Re: Re: common house design -- Fitch
From: Fred H Olson (fholsontcfreenet.org)
Date: Thu, 23 May 2002 12:09:13 -0600 (MDT)
"Laura Fitch, A.I.A." <lfitch [at] krausfitch.com>
is the author of the message below.
It was posted by Fred the Cohousing-L list manager <fholson [at] cohousing.org>

NOTE: Laura's message included the spreadsheet as in MS Excel format.
This can not be distributed by the listserv.  I have converted it to HTML
and posted it at: http://www.mtn.org/~fholson/ch-chart.htm

If you want it in Excel format, contact Laura direcly.

Fred

--------------------  FORWARDED MESSAGE FOLLOWS --------------------

I missed the start of this conversation, but can offer the person who
posted it the spread sheet I have put together (attached) on Common
House sizes and programs.  I would also appreciate getting more data for
it if you haven't sent it to me already.

Thanks, Laura


--
Laura Fitch, A.I.A.
Principal Architect

KRAUS-FITCH ARCHITECTS, INC.
110 Pulpit Hill Rd.
Amherst, MA  01002
413-549-5799
413-549-7918 (fax)

lfitch [at] krausfitch.com



Lynn Nadeau wrote:

RoseWind Cohousing, Port Townsend Washington, has 24 households, and a
common house of 2800 sq ft, on level ground, one story. Picture three
30x30 ft squares, arranged in an L shape, and that's about the floor
plan.

One "wing" of the L, about 30x30, is our great room, being a combination
dining and living room. Lots of view and natural light from windows on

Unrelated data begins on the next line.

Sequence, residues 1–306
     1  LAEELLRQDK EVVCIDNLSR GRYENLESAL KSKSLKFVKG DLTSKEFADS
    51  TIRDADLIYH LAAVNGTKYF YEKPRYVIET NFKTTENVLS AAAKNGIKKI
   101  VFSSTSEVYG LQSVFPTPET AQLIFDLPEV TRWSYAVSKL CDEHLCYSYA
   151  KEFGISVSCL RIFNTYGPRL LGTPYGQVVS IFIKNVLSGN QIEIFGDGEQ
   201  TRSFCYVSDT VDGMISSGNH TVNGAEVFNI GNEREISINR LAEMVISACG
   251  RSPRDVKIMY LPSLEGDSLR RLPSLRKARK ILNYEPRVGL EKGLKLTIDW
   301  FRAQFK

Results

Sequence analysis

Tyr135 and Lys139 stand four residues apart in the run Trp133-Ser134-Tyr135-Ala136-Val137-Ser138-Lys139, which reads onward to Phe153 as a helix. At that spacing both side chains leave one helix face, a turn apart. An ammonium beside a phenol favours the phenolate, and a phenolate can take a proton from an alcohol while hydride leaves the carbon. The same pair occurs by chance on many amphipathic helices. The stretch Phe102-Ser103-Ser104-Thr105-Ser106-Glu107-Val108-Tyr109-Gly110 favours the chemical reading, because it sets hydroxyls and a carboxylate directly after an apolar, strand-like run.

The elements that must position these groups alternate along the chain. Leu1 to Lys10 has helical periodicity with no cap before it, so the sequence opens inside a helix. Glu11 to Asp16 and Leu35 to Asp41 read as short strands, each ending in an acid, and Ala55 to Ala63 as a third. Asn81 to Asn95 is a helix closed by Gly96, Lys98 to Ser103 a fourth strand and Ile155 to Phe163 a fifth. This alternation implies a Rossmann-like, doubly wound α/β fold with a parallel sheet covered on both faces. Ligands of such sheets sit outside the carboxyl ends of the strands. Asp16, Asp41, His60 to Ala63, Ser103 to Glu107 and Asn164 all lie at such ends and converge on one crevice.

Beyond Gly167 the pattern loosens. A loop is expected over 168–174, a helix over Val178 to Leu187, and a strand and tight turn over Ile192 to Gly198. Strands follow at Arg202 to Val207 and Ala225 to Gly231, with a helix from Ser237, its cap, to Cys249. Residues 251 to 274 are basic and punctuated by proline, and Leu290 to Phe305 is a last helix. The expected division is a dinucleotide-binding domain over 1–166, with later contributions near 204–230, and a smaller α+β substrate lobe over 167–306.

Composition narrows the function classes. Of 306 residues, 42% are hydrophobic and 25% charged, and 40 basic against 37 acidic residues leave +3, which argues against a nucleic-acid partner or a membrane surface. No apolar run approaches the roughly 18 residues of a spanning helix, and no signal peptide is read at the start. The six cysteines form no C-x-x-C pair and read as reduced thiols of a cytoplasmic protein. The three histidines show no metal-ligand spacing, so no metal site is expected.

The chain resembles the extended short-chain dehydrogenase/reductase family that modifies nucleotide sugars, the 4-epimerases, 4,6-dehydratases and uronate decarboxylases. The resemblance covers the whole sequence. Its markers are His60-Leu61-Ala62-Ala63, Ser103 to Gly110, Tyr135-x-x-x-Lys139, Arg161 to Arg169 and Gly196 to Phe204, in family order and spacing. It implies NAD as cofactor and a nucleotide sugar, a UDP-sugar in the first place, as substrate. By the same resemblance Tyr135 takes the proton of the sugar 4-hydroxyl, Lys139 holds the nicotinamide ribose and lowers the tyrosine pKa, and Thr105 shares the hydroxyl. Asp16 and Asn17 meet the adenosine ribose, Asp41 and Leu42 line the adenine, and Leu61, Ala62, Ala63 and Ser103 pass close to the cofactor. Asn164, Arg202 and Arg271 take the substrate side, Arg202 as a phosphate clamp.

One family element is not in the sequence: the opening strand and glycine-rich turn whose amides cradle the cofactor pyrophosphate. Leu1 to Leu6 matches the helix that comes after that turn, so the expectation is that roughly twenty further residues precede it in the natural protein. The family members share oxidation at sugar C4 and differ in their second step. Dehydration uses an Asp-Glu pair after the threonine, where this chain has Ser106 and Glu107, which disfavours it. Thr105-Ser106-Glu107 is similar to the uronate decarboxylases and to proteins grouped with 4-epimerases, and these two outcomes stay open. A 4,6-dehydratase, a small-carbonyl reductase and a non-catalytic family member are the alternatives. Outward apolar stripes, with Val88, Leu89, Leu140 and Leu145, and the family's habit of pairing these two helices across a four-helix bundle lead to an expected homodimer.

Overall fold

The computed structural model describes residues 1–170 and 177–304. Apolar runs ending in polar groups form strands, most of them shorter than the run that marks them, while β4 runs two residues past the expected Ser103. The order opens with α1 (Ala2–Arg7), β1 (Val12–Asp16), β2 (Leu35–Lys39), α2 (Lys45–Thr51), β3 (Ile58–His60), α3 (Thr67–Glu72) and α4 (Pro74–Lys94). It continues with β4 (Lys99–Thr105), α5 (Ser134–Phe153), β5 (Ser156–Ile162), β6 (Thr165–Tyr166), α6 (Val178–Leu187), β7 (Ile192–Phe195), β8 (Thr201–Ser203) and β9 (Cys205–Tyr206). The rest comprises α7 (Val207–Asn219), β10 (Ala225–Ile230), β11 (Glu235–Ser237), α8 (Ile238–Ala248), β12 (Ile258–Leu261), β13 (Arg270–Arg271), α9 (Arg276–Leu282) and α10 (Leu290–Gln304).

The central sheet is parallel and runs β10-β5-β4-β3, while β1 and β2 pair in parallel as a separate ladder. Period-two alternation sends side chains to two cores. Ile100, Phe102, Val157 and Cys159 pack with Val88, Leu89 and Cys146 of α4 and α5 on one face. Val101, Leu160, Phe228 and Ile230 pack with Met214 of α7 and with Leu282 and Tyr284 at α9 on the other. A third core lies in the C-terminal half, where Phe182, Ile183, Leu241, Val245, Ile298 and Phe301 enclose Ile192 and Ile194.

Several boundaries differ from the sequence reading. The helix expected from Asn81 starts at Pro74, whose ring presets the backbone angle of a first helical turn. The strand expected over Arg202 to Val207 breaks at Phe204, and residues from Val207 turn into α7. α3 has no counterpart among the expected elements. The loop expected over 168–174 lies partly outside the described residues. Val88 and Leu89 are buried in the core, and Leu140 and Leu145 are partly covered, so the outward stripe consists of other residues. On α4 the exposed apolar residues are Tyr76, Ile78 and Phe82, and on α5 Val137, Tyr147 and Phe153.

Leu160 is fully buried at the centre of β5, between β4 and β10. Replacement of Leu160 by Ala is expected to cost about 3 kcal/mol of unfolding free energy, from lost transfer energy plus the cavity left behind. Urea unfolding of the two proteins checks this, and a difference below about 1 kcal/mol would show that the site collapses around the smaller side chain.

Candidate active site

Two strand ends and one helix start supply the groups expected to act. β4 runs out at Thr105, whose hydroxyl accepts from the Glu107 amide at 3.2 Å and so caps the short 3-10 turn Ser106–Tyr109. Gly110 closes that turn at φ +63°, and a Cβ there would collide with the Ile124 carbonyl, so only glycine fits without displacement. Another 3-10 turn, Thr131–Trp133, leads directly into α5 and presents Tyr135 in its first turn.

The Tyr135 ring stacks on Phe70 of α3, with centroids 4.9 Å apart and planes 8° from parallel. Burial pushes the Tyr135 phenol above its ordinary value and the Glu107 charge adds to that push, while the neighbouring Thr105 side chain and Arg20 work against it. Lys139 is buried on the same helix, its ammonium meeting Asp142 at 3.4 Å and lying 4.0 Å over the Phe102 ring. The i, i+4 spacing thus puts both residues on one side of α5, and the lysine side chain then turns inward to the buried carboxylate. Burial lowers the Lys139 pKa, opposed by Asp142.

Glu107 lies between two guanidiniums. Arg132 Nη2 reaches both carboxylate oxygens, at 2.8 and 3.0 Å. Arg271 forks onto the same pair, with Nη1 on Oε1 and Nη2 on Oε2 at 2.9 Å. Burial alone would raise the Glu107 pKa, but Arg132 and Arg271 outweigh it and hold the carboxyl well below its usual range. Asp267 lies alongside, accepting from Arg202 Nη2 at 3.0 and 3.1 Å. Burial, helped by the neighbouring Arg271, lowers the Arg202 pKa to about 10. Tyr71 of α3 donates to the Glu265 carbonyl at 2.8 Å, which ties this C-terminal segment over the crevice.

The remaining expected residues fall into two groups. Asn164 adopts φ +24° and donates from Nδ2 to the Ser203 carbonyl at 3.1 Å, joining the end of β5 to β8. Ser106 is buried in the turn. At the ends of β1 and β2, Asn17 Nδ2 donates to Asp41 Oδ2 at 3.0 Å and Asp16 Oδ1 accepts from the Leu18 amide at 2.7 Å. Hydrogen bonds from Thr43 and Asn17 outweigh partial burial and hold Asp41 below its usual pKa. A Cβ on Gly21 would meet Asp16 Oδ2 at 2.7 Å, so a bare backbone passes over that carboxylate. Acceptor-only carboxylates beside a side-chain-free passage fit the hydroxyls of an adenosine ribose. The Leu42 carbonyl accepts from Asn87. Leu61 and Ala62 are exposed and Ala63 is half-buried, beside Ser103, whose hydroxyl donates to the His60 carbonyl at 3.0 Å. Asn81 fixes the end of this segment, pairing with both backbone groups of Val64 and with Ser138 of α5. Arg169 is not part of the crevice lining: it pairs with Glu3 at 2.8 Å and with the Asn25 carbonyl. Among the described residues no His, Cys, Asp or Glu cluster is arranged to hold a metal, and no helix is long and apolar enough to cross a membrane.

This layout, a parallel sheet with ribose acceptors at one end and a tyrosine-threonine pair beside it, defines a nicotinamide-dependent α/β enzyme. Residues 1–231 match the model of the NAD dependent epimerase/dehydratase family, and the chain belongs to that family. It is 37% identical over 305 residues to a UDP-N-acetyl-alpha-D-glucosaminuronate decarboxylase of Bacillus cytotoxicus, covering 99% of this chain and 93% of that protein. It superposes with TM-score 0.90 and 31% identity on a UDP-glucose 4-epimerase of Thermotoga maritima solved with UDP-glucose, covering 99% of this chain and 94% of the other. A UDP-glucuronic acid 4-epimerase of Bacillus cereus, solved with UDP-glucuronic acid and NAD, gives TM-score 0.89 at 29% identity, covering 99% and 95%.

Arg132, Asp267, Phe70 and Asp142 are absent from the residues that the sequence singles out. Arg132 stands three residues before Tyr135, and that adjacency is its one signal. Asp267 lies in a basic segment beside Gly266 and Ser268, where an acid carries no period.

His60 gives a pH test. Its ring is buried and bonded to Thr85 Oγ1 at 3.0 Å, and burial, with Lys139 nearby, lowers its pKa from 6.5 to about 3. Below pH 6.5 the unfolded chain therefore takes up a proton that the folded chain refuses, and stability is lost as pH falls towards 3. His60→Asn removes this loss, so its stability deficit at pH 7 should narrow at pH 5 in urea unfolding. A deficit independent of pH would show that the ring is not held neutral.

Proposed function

north and south, propane "fireplace" at the west end, with sectional sofa
and a couple of rocking chairs, as well as stereo, magazines and a coffee
table. The main part of the room has dining tables and chairs. When we
want a large group meeting, the tables are moved to the edges of the
room, and the chairs go in a big circle. For smaller meetings, such as
discussion circles, we gather around the hearth, on the sofas,
supplemented by some chairs. Double doors open out to a south patio, in
the "inside" of the L.

The kitchen adjoins the dining room, to the east, with serving counters
between the kitchen and dining room. No sound isolation, and it hasn't
been a problem. A small pantry has a stacked washer-dryer for towels,
rags, napkins, etc; an open mop closet for brooms, mops, buckets (with a
low faucet and floor pan for filling and emptying buckets.) A door from
the pantry goes out to where the trash, compost, recycling, and worm bin
are located on a small porch.

The other "wing" of the L has a rec room, about 30x15, presently used for
pingpong and video watching; a kid room 15x15 which includes a sink, lots
of open storage shelves, a loveseat, and a door to the south patio. Also
in that "wing" are two ADA lavatories. The teens are apt to be found at
the pingpong table.

The center between the two wings is where the entry is, and there is a
fair-sized foyer, where we have our postal mailboxes, our cubby boxes for
storing personal stuff, coat racks, benches to sit on while changing into
slippers. From this entry foyer, one can go left to the bathrooms and rec
room, say hi to the kitchen people through a pass-through window, or